J. Hoffmeyer -- Western Telecom Consultants, Inc.7 Policy-Based Radio Dynamic Frequency Selection Functions
J. Hoffmeyer -- Western Telecom Consultants, Inc.8 Some Key Issues Why is there a need for common definitions? What are the different perspectives of the issues: technical, regulatory, industry food chain and business cases? Global (international) issues – What are the commonalities and the differences? Are the issues service related? What issues can be addressed globally (all services and bands of the spectrum)? What standards are needed? –New IEEE 1900 Series – What are the objectives? –What is/will be the role of the ITU? What are the regulatory requirements? What is a realistic vision and timeline for that vision? –Does the timeline and vision differ between services and bands in the spectrum? What additional research is needed? Security issues – what has been addressed and what remains to be addressed?
J. Hoffmeyer -- Western Telecom Consultants, Inc.9 Presentation Outline Problem Definition – the 10,000 foot view –Technical –Common Regulatory Concerns IEEE 1900 Committee –1900.1 –1900.2 –1900.3 –Study Groups Existing and Potential Relations with Other Standards Organizations Summary
J. Hoffmeyer -- Western Telecom Consultants, Inc.10 Common Concerns of Regulatory Authorities Around the Globe (1 of 2) Increasing demands for access to more spectrum More efficient use of the spectrum Spectrum trading Dynamic frequency sharing Interrelationship of developments in technology, market and regulatory practices Need for a new spectrum management paradigm Pace of technology development – regulation has to keep up or get out of the way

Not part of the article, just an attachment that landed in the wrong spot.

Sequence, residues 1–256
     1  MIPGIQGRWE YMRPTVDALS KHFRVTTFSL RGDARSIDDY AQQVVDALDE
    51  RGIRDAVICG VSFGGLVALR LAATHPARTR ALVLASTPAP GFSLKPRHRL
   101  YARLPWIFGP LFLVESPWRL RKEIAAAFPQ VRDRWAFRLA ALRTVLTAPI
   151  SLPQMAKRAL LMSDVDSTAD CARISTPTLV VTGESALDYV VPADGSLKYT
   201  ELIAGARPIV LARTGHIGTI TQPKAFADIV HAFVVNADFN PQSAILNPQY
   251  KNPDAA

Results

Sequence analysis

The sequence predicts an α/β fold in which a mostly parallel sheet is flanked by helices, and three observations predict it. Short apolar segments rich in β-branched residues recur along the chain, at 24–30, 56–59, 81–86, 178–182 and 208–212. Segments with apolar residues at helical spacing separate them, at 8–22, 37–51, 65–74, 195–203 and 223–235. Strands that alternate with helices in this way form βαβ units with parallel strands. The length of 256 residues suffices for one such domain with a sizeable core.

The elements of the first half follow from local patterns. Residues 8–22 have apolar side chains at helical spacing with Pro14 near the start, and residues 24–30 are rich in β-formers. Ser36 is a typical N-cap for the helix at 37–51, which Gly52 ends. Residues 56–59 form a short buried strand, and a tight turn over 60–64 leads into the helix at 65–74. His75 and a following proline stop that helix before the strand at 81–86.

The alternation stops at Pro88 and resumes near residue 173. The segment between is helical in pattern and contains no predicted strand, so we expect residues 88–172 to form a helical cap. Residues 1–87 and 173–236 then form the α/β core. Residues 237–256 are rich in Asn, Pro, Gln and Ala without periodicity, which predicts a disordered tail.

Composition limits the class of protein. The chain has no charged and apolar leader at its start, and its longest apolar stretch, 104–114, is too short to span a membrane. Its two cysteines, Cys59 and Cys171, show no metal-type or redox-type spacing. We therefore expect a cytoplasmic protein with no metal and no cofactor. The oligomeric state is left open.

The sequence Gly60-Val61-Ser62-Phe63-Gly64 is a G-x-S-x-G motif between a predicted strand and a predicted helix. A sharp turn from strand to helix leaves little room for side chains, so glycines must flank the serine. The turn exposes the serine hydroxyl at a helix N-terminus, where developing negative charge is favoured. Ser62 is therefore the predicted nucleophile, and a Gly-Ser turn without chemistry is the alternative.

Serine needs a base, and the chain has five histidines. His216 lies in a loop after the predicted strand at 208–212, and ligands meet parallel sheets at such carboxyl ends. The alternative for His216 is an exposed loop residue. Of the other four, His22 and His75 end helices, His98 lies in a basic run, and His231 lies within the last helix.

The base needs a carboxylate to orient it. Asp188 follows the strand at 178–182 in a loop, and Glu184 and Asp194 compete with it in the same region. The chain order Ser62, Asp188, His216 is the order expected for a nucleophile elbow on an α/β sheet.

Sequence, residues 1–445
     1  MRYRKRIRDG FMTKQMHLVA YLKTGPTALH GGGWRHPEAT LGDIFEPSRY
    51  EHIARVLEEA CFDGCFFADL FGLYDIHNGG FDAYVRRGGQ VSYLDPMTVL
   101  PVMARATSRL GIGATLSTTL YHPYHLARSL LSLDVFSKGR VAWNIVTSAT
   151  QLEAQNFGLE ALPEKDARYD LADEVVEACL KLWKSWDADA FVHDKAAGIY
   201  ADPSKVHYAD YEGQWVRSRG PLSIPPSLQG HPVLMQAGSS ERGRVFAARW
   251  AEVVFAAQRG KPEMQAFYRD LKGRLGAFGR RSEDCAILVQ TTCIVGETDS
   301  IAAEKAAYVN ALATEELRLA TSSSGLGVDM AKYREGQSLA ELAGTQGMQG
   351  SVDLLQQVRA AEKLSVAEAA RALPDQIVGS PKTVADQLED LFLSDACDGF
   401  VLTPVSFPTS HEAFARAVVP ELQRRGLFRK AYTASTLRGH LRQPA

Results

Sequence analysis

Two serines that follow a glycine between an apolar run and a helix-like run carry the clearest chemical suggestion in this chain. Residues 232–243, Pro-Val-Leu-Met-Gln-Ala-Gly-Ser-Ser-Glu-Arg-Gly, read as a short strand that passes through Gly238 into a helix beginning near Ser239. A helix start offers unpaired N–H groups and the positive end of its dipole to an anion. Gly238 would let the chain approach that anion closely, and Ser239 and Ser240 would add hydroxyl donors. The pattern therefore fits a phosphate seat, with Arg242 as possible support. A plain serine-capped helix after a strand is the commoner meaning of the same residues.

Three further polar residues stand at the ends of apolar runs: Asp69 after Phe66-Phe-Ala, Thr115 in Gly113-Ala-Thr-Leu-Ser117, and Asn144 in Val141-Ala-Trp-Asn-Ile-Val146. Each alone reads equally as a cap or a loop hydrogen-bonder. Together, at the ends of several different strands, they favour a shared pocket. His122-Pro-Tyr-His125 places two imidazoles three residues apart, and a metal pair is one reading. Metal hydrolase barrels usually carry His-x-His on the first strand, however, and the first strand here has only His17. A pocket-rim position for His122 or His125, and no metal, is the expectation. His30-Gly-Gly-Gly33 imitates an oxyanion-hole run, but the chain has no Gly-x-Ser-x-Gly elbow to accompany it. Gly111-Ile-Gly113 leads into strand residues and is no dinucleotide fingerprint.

J. Hoffmeyer -- Western Telecom Consultants, Inc.11 Common Concerns of Regulatory Authorities Around the Globe (2 of 2) Balance of different types of spectrum management –Command and control – Inflexible frequency assignments –Market mechanisms – The market manages the spectrum within the constraints of the licenses. –License exempt use – Nobody controls who uses the spectrum; power constraints or other mechanisms restrict usage to reduce interference. International Coordination Investment in Equipment Security (ensure that disruption to communication services can not occur as a result of inadvertent or malicious changes to software in advanced communications devices and systems). Interference (ensure that users can use the spectrum assigned to them without disruption). Noise temperature See the bibliography: –European Radio Spectrum Policy Group –ERO ECC PT8 –FCC Spectrum Policy Task Force Report and proceedings on software defined radio and cognitive radio and related proceedings –Ofcom Spectrum Framework Review –Cave Report